Mixed-Income Housing and the HOME Program
According to the U.S. Department of Housing and Urban Affairs (HUD), prior to World War II, many American cities had neighborhoods with mixed housing types (e.g., single family houses, townhomes, and apartments) that catered to different income classes. Such mixed-income housing had numerous benefits, including improved academic performance of low-income students and the locating of affordable housing near job centers. The suburbanization of America resulted in a lack of economic integration for many parts of the country. In an effort to improve the diversity and stability of American communities, HUD created the HOME Investment Partnerships Program, which helps local jurisdictions finance mixed-income housing initiatives. HUD distributes $2 billion in HOME funds to states and local governments per year. The program’s flexibility allows states and local governments to use HOME funds based on their needs and priorities (e.g., for grants, direct loans, or rental assistance).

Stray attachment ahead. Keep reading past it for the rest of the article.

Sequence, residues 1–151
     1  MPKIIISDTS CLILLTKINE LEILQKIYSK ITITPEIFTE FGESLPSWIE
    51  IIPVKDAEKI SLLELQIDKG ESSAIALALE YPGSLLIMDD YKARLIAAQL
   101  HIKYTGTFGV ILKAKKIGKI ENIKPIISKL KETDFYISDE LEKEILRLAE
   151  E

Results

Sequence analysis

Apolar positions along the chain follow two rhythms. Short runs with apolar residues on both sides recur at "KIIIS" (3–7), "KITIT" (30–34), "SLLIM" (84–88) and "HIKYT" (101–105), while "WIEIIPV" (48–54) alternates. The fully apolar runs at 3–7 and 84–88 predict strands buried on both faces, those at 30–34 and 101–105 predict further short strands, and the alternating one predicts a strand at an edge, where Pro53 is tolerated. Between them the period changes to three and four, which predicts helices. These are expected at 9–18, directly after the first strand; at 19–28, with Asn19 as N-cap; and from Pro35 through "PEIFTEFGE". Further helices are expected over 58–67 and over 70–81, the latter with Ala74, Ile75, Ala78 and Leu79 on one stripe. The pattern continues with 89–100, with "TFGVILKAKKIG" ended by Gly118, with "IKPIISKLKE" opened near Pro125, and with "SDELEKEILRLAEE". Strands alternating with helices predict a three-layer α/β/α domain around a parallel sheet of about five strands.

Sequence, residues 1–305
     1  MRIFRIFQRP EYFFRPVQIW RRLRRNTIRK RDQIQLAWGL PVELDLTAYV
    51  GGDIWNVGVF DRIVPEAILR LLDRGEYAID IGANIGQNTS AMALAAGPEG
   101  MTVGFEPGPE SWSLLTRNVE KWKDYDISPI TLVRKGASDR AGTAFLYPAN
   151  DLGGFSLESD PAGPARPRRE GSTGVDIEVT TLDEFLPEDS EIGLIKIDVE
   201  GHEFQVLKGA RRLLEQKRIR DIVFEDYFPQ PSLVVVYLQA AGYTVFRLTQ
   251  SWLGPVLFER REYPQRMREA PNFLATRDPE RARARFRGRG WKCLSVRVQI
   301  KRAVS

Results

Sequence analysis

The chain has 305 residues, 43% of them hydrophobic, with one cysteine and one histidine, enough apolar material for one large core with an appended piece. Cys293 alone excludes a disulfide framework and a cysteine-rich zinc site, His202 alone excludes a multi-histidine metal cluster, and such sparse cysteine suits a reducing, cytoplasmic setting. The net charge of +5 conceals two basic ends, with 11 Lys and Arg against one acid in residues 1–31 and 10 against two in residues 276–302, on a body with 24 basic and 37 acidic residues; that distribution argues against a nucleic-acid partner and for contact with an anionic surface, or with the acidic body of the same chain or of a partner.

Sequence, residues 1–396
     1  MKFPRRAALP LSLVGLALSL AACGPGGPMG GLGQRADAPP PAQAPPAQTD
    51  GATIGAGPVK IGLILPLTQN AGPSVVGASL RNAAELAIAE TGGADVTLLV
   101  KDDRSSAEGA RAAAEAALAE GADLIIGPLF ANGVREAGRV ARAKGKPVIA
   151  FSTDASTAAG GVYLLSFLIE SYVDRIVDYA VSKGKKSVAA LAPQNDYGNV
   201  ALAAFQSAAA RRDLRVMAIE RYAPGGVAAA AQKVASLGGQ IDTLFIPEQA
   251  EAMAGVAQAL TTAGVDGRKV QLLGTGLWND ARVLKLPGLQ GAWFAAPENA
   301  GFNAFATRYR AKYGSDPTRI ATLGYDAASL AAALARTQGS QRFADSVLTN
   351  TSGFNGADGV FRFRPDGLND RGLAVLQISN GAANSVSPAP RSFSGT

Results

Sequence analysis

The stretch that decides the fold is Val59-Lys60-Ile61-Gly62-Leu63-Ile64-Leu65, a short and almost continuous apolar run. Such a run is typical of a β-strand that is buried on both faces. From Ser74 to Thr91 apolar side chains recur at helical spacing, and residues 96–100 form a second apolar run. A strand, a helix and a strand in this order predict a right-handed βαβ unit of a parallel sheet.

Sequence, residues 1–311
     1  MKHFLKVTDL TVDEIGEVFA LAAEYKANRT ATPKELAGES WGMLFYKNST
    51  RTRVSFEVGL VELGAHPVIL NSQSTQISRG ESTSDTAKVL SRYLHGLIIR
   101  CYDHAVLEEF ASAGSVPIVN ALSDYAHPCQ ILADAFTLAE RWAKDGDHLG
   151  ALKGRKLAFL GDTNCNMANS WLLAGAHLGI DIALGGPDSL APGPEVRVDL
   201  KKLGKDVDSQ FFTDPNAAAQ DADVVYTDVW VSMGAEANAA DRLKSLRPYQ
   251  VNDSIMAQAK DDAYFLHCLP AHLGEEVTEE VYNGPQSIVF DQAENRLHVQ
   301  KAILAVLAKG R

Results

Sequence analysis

Sustainability Officers interested in obtaining more information about the HOME Program can refer to HUD’s “Mixed-Income Housing and the HOME Program” publication, which reviews the benefits of mixed-income housing, provides guidance on how participating jurisdictions can facilitate the development of mixed-income housing, and highlights key HOME Program regulatory provisions. Moreover, the document contains useful case studies, best practices, lessons learned, and information regarding funding opportunities for local governments.